Yes, but their sense of cultural Irishness could be expressed in that manner. Therefore, why has Ofcom said that solely about Ulster Scots, but not about anything else? I think that they are trying to conflate the figures for broadcasting culture and language, so that they can claim that they have met their language obligations because they have broadcast cultural programmes. In fact, when the BBC last submitted a report for the European Charter for Regional or Minority Languages four years ago, it did just that — its figures for the amount of Ulster Scots broadcasting were inclusive of footage of pipe bands and flute bands. There was not a scrap of language in those programmes.

I want to suggest an amendment, which will require the approval of the Committee, and will have to cover both languages. I know that we were hoping to have something in writing for today, but could we insert a sentence which states that there should be appropriate and adequate provision of indigenous language broadcasting for both languages? It should not be quantified, because there will be different opinions on that, but it should call for adequate and appropriate provision. The second point should be that language and culture should not be conflated, but that the linguistic diversity and the cultural diversity of Northern Ireland should be reflected in broadcasting. Thirdly, it should state that the different indigenous languages and indigenous cultures should be appropriately reflected — as the BBC is required to do under its own charter. Finally, it is obvious that there should be appropriate funding streams to enable that to happen.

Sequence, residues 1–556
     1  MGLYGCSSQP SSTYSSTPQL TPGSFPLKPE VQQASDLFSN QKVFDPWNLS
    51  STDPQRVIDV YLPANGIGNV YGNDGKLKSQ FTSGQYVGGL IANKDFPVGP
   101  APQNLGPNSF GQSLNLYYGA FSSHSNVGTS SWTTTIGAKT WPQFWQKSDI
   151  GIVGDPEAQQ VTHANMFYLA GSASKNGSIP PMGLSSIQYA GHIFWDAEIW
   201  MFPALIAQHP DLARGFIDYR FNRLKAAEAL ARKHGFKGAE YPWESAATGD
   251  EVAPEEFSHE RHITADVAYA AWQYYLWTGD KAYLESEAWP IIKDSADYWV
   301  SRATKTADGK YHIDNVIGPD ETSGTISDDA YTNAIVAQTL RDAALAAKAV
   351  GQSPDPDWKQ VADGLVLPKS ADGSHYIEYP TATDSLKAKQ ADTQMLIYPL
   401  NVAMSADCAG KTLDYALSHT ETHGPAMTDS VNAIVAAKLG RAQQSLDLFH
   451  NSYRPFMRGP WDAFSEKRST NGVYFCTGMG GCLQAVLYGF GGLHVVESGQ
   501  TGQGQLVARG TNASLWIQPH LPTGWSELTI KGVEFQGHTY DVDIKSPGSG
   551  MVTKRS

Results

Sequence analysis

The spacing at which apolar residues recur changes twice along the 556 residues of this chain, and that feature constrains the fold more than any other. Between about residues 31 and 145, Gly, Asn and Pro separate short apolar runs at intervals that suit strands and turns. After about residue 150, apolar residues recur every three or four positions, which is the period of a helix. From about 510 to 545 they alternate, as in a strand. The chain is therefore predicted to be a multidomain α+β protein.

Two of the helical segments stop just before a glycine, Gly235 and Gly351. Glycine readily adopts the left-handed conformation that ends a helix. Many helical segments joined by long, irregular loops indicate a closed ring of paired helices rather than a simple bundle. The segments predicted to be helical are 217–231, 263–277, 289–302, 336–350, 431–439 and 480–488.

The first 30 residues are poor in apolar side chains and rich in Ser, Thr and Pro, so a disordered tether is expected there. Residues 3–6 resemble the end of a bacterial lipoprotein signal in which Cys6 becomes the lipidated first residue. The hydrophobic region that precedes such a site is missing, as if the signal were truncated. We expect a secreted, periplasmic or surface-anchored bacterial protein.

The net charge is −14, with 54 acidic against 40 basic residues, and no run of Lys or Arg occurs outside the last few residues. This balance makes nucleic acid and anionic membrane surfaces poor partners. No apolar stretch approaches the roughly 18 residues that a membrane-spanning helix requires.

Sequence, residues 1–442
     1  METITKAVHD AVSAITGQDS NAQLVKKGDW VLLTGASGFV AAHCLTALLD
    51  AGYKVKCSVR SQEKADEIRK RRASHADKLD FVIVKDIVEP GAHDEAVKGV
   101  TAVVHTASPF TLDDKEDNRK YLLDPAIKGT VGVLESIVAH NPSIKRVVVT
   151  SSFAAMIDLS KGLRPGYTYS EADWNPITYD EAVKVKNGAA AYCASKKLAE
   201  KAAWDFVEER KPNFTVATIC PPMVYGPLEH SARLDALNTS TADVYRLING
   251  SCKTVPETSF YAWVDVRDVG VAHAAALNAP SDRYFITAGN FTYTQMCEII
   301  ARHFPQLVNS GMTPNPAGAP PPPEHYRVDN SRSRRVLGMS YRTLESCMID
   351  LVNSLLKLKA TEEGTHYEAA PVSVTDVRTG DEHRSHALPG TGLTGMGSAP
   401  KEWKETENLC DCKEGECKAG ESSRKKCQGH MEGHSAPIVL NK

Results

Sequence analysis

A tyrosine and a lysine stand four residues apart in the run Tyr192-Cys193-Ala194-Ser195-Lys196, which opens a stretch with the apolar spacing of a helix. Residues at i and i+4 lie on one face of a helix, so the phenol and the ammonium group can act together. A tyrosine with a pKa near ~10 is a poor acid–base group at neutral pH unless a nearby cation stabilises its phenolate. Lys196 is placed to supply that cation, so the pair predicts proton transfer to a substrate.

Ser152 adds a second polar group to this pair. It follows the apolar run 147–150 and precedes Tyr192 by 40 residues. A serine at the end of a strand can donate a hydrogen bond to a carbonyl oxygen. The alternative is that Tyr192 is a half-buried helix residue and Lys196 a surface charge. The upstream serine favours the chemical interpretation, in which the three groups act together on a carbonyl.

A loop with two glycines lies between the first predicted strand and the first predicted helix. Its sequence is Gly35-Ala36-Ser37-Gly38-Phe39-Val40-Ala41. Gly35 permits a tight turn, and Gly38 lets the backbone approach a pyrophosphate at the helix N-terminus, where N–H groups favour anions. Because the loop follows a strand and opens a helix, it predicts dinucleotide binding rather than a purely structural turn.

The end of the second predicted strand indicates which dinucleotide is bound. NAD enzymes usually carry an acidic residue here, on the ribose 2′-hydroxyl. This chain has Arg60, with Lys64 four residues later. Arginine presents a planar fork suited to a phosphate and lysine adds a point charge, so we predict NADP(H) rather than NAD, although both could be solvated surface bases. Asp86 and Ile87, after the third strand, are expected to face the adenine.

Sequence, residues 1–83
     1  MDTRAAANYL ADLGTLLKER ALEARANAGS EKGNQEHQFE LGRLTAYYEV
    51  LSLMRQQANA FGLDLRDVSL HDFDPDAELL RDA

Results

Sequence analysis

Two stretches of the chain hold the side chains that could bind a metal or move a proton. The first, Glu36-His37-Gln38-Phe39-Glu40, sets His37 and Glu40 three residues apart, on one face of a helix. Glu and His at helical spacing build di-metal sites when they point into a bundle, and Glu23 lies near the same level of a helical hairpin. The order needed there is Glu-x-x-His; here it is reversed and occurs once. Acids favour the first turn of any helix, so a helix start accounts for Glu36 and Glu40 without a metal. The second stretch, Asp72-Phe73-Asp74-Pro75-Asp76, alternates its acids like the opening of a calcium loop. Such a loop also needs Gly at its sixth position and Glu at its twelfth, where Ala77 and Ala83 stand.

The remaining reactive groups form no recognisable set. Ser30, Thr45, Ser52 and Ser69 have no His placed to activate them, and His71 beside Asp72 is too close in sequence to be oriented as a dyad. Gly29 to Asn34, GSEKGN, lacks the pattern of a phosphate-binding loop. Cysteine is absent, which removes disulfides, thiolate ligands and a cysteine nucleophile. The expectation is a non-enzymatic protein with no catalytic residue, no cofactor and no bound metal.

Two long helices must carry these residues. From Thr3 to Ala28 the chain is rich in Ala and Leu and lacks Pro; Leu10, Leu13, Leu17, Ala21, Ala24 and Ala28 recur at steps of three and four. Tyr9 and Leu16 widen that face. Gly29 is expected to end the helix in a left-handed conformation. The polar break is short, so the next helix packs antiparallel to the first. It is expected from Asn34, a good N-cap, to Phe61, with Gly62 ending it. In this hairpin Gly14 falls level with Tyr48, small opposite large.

Mr P Ramsey:
I do not particularly mind members producing and tabling amendments to a document, but I would like a better opportunity to discuss it. I am prepared to accept his amendment, subject to the Committee ratifying it next week.

Mr McCausland:
The problem is that today is the last day that we can do it.

Mr P Ramsey:
Members have been aware of that and have had the opportunity to provide the Committee Clerk with an amendment to be discussed. The opportunity was there, and the member was fit enough to table his own paper — I am not sure whether that is his paper or his party’s paper.

Mr McCausland:
It is not a party paper; it was circulated by Ulster-Scots groups, and I have also put my name to it.

Mr P Ramsey: